The BBS Corner's
Telnet BBS Guide
How To Access
Telnet BBS Systems
If you are new to the process of Telnet
and have never accessed a Telnet BBS system before, the following is a
mini-tutiorial of how the Telnet process works and how to use a Telnet
to see a list of Telnet client
Click here to see
the Telnet BBS FAQ.
- How do I access BBS
systems on the Internet?
Bulletin Board Systems (BBS) have been
around long before the Internet. Traditional BBS systems that were
"dial-up" based were accessed by dialing them directly with your analog
telephone modem. This meant you used a
"terminal program" to access these BBS systems. There were many terminal
program out there in the dial-up BBS
heyday. Specific examples included Telix, Qmodem and ProComm.
But when BBSes moved to Telnet, this changed. This means you can now
access these BBS progams via your computer
on the Internet. Windows and Unix based operating systems (including
Linux and Mac OS X) have built-in Telnet
clients. This means you can access these BBS systems directly from your
computer without any new software.
However, there are several FREE third-party Telnet applications you can
use to access these systems. We'll talk
about those in a moment.
Windows XP based Systems
If you run Windows XP, Telnet is a built-in application that in most
cases is already turned on and ready to go.
If you want, you can either go to a "command prompt" and run the
following command syntax, or you can use the Start -> Run menu to run the following command syntax:
Telnet bbsaddresshere (example:
Telnet (ip address here) (example: telnet 127.0.0.1)
There are some BBS systems that do not use the default port (port
23). In that case, you will need to type it in manually.
Telnet bbsaddresshere port (example: gameland.darktech.org 24)
Accessing Telnet BBSes Via Your Web
If you use the Telnet BBS Guide,
you will notice we provide telnet links to each BBS we list on here.
with recent Windows upgrades, you will notice that these may no
longer work. Here's how you can get them to work
Internet Explorer Users (IE 7 and higher): You will need to
"Turn on" the ability to use Telnet. Download and
Telnet Registry Tweak Utility to update your registry file
to provide the ability to turn the ability
for you to click on a Telnet link on our website. Unzip the
"ie7_telnet.reg" file to the desktop. Double click on
it. Click "Yes" to confirm. That will enable Telnet from Internet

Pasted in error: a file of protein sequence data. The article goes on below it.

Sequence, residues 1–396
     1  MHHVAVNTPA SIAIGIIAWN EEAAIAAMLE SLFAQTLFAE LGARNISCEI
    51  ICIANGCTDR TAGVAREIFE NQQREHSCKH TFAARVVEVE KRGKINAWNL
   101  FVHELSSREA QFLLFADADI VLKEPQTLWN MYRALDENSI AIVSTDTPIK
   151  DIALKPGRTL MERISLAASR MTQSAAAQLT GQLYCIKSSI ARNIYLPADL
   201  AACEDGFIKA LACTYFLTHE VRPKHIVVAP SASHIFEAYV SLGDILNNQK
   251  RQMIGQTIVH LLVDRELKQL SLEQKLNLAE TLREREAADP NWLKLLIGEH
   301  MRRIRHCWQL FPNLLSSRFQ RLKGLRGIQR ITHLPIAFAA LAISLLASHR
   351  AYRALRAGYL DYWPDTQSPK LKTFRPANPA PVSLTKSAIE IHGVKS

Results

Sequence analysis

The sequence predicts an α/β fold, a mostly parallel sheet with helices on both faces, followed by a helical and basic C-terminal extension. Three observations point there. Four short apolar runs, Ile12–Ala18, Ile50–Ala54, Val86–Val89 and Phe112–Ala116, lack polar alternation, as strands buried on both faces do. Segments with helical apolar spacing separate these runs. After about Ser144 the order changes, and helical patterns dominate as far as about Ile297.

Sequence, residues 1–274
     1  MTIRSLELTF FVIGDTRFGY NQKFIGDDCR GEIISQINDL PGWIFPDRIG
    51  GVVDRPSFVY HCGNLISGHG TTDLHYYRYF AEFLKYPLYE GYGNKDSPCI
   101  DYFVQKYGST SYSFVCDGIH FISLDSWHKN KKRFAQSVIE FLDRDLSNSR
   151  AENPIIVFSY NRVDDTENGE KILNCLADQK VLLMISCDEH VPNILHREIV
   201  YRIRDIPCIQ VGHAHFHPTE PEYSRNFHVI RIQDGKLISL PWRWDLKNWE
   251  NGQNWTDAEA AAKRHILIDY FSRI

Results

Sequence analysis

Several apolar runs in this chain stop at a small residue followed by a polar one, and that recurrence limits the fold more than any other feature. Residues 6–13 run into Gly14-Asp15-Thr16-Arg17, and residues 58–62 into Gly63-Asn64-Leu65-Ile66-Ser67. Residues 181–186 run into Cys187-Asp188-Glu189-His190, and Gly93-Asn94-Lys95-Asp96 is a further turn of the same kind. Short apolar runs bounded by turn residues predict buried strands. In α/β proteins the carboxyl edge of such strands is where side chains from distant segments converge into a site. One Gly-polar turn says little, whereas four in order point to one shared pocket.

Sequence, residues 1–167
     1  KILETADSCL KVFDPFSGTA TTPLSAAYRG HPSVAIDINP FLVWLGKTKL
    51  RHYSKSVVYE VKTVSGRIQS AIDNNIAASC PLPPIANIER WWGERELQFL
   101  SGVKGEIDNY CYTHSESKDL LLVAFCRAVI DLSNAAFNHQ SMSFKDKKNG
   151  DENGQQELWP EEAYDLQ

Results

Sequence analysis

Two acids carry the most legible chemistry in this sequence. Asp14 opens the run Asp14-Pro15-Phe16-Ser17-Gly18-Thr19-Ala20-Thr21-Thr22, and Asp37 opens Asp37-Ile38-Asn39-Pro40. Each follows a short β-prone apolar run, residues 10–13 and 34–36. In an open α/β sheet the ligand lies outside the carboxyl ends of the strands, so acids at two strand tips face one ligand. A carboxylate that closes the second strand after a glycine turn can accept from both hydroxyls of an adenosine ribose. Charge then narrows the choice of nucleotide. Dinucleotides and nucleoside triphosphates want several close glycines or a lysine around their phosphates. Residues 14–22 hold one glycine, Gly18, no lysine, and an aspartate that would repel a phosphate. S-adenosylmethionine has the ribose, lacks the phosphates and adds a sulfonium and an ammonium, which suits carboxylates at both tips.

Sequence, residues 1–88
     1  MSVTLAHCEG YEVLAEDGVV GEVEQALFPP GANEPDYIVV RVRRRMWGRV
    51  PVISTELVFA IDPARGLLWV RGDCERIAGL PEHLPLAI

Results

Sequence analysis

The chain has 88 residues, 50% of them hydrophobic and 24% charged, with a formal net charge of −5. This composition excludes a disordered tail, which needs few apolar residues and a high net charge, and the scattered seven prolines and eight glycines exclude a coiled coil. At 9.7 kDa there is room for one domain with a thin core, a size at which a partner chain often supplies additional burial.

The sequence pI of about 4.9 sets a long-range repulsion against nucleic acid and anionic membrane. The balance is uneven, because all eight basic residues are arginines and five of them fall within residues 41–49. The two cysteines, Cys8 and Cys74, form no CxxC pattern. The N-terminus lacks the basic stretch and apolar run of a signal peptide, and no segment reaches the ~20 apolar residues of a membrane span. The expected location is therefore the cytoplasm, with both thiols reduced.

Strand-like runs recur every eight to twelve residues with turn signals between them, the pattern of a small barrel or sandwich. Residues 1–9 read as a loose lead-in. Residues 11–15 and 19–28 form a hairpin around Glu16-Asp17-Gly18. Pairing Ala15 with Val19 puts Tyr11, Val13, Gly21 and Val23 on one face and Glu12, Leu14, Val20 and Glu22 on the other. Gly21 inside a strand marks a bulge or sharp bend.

Google Chrome Users: Use the above
Registry Tweak Utility. (Yes, the same tweak enables it in
Firefox Users: You will also need to run this
Registry Tweak Utility in order to use
Firefox's capability to run the internal Telnet application. Once
you do so, within Firefox:
Go to Tools -> Options. Click on the Applications tab. Scroll down
to "Telnet". Under the Action header, click on
the tab that says "Always Ask. Then click on "Use Internet Shortcut
As an alternative to using the Registry Tweak, you can download and
install SyncTerm as
a FREE third-party telnet
client. Then you can tell Firefox to use SyncTerm as your Telnet
application client within Firefox. That way when
you click on a Telnet link on the Telnet BBS Guide, SyncTerm will
start and will automatically connect you to the
BBS you clicked on. Within Firefox: Go to Tools -> Options. Click on
the Applications tab. Scroll down to
"Telnet". Under the Action header, click on the tab that says
"Always Ask. Then select Other. Then click on
Browse. Find where you installed Syncterm.Exe (most likely under
C:\Program files\Syncterm\Syncterm.exe). Then
Firefox will use Syncterm as the default Telnet client application.
Windows Vista, Windows 7 and Windows 8/8.1 Based Systems
By default, Windows Vista and Windows 7/8/8.1 do not install the Telnet
client. You can install it by following these easy steps:
1. Click Start then select Control
Panel. (For Windows 8, access the Control Panel directly since there
is no Start menu.)
2. Select Programs and Features.
3. Select Turn Windows features on or off.
4. Select the Telnet Client option.
5. Click OK.
6. A dialog box will appear to confirm installation. The telnet
command should now be available.
You can now use the Command Line
commands as described above. In order to automatically run these from
your browser, you may also need to run the
Tweak Utility as described above, or use the alternate
SyncTerm Telnet Client method for Firefox.
Note: There are other telnet clients
out there in addition to SyncTerm. These include
(Shareware) and ZOC
Mac OS X
Since I don't have a computer that
runs Mac OS X, I'm not sure exactly how you could do it directly
from your web
browser. However, as with any Unix based system you can always use
the command line and use the same Telnet
command line as described above.
You can also install SyncTerm or ZOC as your third-party Telnet
client. SyncTerm is
free, ZOC is shareware.
If you have any questions - please visit the
Telnet FAQ page. If you need further help you may
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